The COFADEH, at the request of the community and the family of José Antonio Lopez Lara, who disappeared on April 29, 2012 on the Paso Aguán property, asked experts from the Forensic Anthropology Foundation of Guatemala (FAFG) to conduct the exhumation with the authorization of the judicial authorities of Trujillo, department of Colón, and with the support of the Human Rights Office of Honduras.

The embrace of Doña Elena is strong and warm. Her slender and agile body does not show her 79 years; her direct, sharp gaze is that of a woman who, although she has suffered her whole life, including the greatest pain of losing a child, cannot give up and continues struggling for justice.

 madre de López Lara

Doña Elena

The anguish of Doña Elena and her family began a year ago, when José Antonio López Lara, a 46 year old campesino, disappeared on April 29, 2012. He left his house in the Rigores community (Trujillo, Colón) to fish in the Ilanga river, whose waters border the Paso Aguán palm oil estate, then in the hands of landowner Miguel Facussé Barjum. According to Saudi, the oldest daughter of José Antonio, Facussé’s guards had previously threatened to disappear and kill her father for approaching the estate. On the day of his disappearance, “around 10 am, some campesinos from there said that they heard 4 shots”1. However, nothing was known about José Antonio until April 3, 2013, when a human skeleton was found buried in a clandestine grave on the Paso Aguán property that borders the Panamá community. The discovery of the grave, about 200 meters from the place where Jose Antonio was supposedly fishing, suggested that they might be his remains.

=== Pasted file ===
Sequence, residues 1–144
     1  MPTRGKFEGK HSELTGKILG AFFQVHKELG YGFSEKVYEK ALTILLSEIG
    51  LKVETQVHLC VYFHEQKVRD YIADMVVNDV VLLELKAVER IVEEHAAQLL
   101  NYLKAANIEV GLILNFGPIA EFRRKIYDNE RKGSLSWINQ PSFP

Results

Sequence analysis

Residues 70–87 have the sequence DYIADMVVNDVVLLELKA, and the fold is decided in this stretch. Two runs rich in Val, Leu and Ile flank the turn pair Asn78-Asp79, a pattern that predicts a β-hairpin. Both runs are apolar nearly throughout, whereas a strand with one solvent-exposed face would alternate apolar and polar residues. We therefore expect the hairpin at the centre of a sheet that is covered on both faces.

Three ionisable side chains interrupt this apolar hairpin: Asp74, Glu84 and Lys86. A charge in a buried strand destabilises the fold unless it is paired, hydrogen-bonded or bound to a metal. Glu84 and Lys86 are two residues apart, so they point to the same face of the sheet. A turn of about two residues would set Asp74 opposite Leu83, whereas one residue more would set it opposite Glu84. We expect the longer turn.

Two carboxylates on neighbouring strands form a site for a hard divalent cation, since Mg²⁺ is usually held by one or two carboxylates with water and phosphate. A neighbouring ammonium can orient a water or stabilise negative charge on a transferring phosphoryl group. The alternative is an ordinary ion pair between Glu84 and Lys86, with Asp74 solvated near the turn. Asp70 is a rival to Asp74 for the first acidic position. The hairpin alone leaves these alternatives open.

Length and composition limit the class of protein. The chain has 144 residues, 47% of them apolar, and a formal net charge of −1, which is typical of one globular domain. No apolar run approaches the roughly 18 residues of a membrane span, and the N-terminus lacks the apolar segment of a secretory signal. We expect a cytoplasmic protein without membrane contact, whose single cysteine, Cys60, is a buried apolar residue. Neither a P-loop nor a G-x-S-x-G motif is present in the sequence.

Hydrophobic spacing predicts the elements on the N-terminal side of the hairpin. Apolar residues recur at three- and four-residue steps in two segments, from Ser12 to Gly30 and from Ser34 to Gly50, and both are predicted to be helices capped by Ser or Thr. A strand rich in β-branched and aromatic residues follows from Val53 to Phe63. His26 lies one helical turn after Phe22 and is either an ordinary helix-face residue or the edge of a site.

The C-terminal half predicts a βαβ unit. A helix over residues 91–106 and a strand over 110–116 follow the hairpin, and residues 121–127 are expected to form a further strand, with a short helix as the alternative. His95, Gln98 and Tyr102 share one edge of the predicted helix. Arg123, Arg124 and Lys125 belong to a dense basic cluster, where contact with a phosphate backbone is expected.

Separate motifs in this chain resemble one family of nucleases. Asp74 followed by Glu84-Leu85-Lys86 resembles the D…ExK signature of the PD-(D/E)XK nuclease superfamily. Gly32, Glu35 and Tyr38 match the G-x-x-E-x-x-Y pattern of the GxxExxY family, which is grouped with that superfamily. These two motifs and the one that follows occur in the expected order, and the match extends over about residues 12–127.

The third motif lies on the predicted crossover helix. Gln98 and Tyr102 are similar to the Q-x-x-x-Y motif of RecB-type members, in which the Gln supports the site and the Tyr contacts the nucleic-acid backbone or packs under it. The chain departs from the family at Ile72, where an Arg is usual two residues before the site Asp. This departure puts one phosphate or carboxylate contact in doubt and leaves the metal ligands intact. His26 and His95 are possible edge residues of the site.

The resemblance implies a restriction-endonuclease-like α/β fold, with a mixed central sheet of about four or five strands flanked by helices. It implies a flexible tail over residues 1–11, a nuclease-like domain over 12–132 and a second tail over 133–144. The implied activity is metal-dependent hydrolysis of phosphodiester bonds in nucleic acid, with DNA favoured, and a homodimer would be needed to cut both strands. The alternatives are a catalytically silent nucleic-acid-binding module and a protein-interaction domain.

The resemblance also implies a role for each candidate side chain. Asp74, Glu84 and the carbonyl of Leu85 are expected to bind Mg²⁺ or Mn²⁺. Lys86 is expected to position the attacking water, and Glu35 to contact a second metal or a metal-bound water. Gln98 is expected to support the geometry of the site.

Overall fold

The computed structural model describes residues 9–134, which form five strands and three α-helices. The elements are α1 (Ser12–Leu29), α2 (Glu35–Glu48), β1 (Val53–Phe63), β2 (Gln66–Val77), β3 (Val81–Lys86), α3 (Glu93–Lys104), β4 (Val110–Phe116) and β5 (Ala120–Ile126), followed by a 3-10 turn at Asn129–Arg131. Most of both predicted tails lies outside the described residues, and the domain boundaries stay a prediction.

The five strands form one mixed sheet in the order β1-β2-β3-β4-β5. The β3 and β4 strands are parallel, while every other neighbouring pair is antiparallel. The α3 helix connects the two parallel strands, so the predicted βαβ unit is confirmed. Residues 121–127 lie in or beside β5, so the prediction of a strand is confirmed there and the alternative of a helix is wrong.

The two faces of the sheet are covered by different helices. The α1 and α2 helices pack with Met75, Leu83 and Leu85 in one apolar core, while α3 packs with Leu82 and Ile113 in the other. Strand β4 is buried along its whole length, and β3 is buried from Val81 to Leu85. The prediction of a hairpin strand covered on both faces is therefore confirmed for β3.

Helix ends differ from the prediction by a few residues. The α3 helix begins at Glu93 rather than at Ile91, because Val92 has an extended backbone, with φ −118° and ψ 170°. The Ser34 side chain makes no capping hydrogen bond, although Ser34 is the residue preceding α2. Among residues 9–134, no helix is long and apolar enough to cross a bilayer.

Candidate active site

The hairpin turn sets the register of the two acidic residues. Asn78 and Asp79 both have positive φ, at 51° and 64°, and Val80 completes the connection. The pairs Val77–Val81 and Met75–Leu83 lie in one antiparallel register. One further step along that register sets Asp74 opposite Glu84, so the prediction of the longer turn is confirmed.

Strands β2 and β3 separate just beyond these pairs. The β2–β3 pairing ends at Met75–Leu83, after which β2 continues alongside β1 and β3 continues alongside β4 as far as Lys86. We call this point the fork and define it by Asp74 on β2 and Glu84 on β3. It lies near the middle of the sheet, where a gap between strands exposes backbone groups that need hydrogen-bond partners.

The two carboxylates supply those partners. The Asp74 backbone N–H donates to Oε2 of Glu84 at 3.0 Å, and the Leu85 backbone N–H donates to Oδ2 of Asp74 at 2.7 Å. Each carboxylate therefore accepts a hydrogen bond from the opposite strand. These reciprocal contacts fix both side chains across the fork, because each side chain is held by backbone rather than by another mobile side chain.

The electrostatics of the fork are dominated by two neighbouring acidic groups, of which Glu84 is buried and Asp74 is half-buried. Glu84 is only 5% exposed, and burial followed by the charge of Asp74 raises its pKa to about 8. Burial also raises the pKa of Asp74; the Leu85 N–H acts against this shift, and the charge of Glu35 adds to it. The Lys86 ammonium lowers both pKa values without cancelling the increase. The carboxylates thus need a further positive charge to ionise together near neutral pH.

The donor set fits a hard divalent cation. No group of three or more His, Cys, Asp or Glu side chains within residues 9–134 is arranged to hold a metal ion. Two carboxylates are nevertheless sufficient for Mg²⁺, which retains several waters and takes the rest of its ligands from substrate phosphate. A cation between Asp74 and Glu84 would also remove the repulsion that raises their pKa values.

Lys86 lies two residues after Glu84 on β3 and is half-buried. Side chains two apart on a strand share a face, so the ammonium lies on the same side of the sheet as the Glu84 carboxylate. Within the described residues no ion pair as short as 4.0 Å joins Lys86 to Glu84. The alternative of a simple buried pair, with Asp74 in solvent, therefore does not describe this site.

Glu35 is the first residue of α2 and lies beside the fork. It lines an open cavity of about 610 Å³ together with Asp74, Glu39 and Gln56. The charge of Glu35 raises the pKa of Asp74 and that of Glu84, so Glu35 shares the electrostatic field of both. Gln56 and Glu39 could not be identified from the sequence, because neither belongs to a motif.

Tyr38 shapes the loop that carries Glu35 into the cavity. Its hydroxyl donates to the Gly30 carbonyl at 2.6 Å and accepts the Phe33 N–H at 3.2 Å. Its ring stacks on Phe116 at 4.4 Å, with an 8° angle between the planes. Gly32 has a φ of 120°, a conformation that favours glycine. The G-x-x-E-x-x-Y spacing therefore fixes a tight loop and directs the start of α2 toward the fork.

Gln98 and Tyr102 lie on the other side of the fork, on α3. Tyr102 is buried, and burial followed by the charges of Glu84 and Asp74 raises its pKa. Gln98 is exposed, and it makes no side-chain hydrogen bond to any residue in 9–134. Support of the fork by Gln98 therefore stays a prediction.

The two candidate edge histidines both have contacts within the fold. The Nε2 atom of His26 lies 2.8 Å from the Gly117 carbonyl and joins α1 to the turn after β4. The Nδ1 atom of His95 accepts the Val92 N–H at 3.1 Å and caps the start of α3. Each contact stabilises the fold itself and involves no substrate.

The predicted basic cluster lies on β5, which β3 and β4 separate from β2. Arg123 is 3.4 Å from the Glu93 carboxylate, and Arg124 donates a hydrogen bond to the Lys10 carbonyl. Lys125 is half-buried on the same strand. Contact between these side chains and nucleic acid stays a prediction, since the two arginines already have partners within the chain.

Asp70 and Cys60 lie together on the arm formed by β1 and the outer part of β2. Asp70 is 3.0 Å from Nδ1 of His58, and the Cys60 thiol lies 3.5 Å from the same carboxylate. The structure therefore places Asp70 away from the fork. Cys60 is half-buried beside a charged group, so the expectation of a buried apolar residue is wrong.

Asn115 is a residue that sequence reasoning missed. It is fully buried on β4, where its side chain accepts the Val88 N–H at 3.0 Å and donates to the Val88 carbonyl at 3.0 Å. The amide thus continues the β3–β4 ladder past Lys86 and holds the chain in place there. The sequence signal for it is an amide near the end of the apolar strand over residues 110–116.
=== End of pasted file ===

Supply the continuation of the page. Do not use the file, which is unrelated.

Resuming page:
Before José Antonio López Lara, at least three campesinos have been reported disappeared. On May 15, 2011, Francisco Pascual López (37 years old) disappeared while herding cattle. A boy heard shots, but the body was not found. Meanwhile Antonio Gómez (55 years old), a member of the Nueva Vida de Rigores movement and campesino from the Panamá plantation, disappeared in February 2012 and the Panamá plantation guard, Lito Rivera (35 years old) disappeared on his way to work on the afternoon of January 30, 2012.

 The guards and owners of the property always prevented the families and friends of the disappeared from looking for the bodies that would allow them to ascertain the truth. It was after the disappearance of the campesino leader Gregorio Chávez on July 2, 2012, whose lifeless body was found three days later in the Paso Aguán estate and after the retaking of the property by the campesinos that a commission was formed to search for the rest of the victims and, after three false alarms, on April 3, 2013 another body was found2.

Although José Antonio López Lara’s family immediately went to the police station to report the illegal grave, suspecting that it might have to do with their relative, the police did not follow up on the report. So while José Antonio was not part of any campesino movements in the area, the Unified Campesino Movement of Aguán (MUCA) and other organizations decided not to ignore the fact and organized for the official exhumation and identification of the remains.